I’m a wimp. I’d probably lose a wrestling match with my cat. (Well, she’s a wimp too; it’d be a draw.) But I really am pathetic; I avoid things I rightly should take on: defense of the weak, confrontations with the strong, labor among the rugged, low-cal diets…
Well, at least those have heretofore been my modus operandi. Who knows what the future holds? I am, after all, one who trusts in the one true God. Php. 4:13 I can do all things through Christ who strengthens me.
When I’m facing a giant (in whatever form), I should remember David, the shepherd: 1 Sam. 17:47 the Lord does not save with sword and spear; for the battle is the Lord’s.
We need God’s power. Spurgeon recommends extra prayer: “There should be a special sowing, it seems to me, whenever we desire a special harvest.”
What is my trial? I must pray.
We’re studying God’s call of Moses to go to Pharaoh: He didn’t take kindly to the idea: “Who am I? … What should I say Your name is? … What if they don’t believe me? … I’m not a good speaker!” Finally, though, Moses quit his job and headed out, staff in hand.
I bet he prayed. A lot.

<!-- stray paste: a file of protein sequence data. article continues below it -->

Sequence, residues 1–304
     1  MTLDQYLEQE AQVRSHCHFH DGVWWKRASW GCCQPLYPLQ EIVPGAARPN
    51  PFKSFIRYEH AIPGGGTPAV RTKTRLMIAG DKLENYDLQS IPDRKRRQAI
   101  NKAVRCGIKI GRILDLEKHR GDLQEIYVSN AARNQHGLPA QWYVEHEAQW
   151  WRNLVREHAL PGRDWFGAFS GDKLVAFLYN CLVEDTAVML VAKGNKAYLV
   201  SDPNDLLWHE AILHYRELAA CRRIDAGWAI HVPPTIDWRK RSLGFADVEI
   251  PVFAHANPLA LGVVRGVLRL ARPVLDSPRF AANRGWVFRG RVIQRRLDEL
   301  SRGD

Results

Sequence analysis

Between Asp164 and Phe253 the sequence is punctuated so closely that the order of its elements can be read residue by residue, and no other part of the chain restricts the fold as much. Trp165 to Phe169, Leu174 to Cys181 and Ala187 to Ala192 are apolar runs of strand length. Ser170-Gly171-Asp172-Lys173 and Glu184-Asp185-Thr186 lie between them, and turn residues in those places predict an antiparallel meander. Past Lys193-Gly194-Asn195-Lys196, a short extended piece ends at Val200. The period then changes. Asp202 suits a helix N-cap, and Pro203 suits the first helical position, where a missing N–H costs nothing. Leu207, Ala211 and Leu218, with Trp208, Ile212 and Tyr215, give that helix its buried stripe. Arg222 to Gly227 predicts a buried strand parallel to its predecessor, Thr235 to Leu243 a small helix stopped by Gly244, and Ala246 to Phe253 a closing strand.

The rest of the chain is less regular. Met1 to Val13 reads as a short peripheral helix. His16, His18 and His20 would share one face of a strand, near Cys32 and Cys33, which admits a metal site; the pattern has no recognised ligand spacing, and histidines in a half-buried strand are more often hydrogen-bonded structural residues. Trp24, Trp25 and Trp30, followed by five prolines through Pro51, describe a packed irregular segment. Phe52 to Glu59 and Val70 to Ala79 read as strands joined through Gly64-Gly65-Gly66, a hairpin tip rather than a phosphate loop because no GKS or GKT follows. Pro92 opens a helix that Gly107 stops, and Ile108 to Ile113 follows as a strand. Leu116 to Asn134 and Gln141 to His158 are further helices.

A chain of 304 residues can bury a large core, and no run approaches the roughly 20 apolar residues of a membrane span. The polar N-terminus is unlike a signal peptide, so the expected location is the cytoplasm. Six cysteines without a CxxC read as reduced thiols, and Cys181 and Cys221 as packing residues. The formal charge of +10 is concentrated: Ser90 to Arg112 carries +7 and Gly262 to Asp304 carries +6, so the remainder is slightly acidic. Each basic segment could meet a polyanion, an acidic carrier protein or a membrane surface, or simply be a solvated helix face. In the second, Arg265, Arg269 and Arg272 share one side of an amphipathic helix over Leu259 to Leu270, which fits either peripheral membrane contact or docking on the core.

As our teacher expounded this lesson, he asked those of us listening a very tough question: “What is God telling you to do, that you are refusing to do? And what are the excuses you are giving?”
Exodus 4 is not about whether we’re up for the task; it’s about how God …is. We must pray.
Spurgeon continues, “If you are about to pass through an extreme trial, and need great strength, to yield a greater harvest of patience, have a greater sowing of grace by drawing nearer to God.”
It’s a cinch to sit at this computer, plunking out platitudes about being “unwavering, undaunted, and unaffected” (March 14). But facing the giants is where the rubber meets the road: maybe it’s time to stop skidding it, and start burning it.
I must pray.
Romans 8:31 If God is for us, who can be against us?
James 5:13 Is anyone among you suffering? Let him pray.